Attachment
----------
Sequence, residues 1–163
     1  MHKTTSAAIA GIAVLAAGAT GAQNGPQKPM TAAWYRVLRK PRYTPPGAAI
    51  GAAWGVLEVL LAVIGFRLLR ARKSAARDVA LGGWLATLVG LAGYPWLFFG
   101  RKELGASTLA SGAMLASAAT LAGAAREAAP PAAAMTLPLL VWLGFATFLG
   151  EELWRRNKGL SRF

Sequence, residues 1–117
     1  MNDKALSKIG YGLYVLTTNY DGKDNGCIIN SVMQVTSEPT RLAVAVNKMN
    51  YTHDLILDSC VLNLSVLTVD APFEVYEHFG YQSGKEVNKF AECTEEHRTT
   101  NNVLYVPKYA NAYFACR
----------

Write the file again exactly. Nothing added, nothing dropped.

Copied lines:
Sequence, residues 1–163
     1  MHKTTSAAIA GIAVLAAGAT GAQNGPQKPM TAAWYRVLRK PRYTPPGAAI
    51  GAAWGVLEVL LAVIGFRLLR ARKSAARDVA LGGWLATLVG LAGYPWLFFG
   101  RKELGASTLA SGAMLASAAT LAGAAREAAP PAAAMTLPLL VWLGFATFLG
   151  EELWRRNKGL SRF

Sequence, residues 1–117
     1  MNDKALSKIG YGLYVLTTNY DGKDNGCIIN SVMQVTSEPT RLAVAVNKMN
    51  YTHDLILDSC VLNLSVLTVD APFEVYEHFG YQSGKEVNKF AECTEEHRTT
   101  NNVLYVPKYA NAYFACR